In these images, taken with a Thorlabs multiphoton microscope, the excitation wavelength was 780 nm and an Olympus XLUMPLFLN 20X objective with NA 1.0 was used. The preparation is courtesy of Dr. Simon Rhodes, IUPUI School of Medicine, Indianapolis, Indiana.

Deep Brain Imaging

Deep tissue imaging is a hallmark of multiphoton microscopy. The Bergamo® II Series' ultrasensitive detector module utilizes full-field-of-view, non-descanned GaAsP PMT detectors to maximize the collection of photons scattered deep within a sample. This efficient design allows morphological features deep within a sample to be reconstructed without having to excise tissue.

The images shown above represent an XZ projection of the primary somatosensory cortex in an 8-week-old mouse expressing thy1-YFP (H line), with a sample depth in excess of 1.0 mm. The excitation wavelength was 960 nm and the data was taken with a Nikon Apo LWD 25X objective with NA 1.10. The data set is courtesy of Dr. Hajime Hirase and Katsuya Ozawa, RIKEN Brain Science Institute, Wako, Japan.

 

Confocal Reflectance Microscopy

Not all samples can be labeled with an exogenous contrast agent. Confocal reflectance microscopy allows for optical sectioning imaging by observing reflected laser light. This movie represents a Z-stack of a peachworm.

These images were taken with our Confocal Microscope. The excitation wavelength was 488 nm and the data was taken with an Olympus UPlanFl 20X objective with NA 0.50.

Thorlabs recognizes that each imaging application has unique requirements.
If you have any feedback, questions, or need a quotation, please contact ImagingSales@thorlabs.com or call (703) 651-1700.

Thorlabs' sales engineers and field service staff are based out of eight offices across four continents. We look forward to helping you determine the best imaging system to meet your specific experimental needs. Our customers are attempting to solve biology's most important problems; these endeavors require matching systems that drive industry standards for ease of use, reliability, and raw capability.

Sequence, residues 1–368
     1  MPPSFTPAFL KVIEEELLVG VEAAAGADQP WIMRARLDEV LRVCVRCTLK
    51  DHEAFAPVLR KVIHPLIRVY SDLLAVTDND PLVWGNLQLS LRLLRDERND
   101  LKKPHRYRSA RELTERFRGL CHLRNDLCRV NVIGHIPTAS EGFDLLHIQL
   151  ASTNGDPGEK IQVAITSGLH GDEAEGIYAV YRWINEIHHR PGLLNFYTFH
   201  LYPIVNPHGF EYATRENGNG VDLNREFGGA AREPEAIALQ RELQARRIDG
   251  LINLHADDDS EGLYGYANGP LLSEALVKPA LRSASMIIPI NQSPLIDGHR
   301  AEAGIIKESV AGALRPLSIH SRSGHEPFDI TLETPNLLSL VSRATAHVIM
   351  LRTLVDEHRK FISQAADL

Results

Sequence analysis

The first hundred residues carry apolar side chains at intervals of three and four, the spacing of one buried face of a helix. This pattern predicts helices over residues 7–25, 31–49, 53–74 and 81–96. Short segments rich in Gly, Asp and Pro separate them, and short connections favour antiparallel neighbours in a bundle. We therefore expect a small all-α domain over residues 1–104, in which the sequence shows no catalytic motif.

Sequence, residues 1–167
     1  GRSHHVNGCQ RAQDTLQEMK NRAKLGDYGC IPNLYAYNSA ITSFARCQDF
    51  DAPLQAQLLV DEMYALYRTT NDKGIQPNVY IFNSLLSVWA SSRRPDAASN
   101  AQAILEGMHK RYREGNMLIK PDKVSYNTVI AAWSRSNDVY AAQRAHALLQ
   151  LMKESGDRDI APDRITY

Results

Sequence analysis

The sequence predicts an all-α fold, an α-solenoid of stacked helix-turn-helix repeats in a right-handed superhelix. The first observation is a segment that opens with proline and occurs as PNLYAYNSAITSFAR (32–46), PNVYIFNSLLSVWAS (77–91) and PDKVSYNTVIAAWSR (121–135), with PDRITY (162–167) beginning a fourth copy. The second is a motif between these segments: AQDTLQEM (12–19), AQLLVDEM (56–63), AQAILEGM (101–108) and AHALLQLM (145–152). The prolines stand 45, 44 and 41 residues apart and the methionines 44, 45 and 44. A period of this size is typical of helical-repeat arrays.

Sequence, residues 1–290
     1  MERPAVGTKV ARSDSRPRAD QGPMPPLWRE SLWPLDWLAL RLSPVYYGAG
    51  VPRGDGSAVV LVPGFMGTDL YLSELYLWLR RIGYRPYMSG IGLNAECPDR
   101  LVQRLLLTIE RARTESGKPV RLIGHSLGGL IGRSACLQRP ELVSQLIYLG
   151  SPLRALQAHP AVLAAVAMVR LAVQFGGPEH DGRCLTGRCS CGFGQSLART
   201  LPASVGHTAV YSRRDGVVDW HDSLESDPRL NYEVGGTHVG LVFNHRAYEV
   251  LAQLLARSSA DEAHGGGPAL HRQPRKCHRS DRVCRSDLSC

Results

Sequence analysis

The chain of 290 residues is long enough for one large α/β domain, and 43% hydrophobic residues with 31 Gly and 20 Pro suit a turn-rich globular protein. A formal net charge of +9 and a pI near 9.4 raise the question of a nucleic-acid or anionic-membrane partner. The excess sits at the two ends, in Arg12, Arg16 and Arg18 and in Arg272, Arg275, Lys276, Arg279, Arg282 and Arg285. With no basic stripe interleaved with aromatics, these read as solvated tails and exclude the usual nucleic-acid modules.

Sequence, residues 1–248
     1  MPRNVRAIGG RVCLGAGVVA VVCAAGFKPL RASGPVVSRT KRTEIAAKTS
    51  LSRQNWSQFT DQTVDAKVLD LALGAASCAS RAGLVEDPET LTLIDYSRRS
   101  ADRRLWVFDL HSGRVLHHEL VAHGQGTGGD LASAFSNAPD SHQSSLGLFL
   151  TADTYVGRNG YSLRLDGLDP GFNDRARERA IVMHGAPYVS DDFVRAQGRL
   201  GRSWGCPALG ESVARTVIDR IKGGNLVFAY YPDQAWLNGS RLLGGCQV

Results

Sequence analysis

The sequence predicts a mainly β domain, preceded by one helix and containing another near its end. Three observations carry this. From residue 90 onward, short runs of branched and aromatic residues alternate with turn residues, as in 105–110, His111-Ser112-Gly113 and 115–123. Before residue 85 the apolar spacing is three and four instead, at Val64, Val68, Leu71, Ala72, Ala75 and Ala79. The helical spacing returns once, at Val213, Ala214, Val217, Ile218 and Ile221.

Thorlabs' worldwide network allows us to operate showrooms in a number of locations where you can see our systems in action. We welcome the opportunity for personal interaction during your visit! A demo can be scheduled at any of our showrooms by contacting ImagingSales@thorlabs.com.

Showroom Icon

Showroom and Customer Support Sites

 

Sterling, Virginia, USA
Thorlabs Imaging Systems HQ

Thorlabs Imaging Systems
108 Powers Court
Sterling, VA 20166

Appointment Scheduling and Customer Support

 

China

Thorlabs China
Room A101, No. 100, Lane 2891, South Qilianshan Road
Shanghai 200331

Appointment Scheduling and Customer Support

 

Japan

Thorlabs Japan, Inc.
Higashi-Ikebukuro Q Building, 2-23-2
Higashi-Ikebukuro, Toshima-ku, Tokyo 170-0013

Appointment Scheduling and Customer Support

Customer Support Sites

 

Newton, New Jersey, USA
Thorlabs HQ

Thorlabs, Inc.
56 Sparta Avenue
Newton, NJ 07860

Customer Support

 

United Kingdom

Thorlabs Ltd.
1 Saint Thomas Place, Ely
Ely CB7 4EX

Customer Support

 

Germany

Thorlabs GmbH
Hans-Boeckler-Str. 6
Dachau/Munich 85221

Customer Support

 

France

Thorlabs SAS
109, rue des Cotes
Maisons-Laffitte 78600

Customer Support

 

Brazil

Thorlabs Vendas de Fotônicos Ltda.
Rua Riachuelo, 171
São Carlos, SP 13560-110

Customer Support

Thorlabs recognizes that each imaging application has unique requirements.
If you have any feedback, questions, or need a quotation, please contact ImagingSales@thorlabs.com or call (703) 651-1700.


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Last Edited: Nov 08, 2013 Author: Dan Daranciang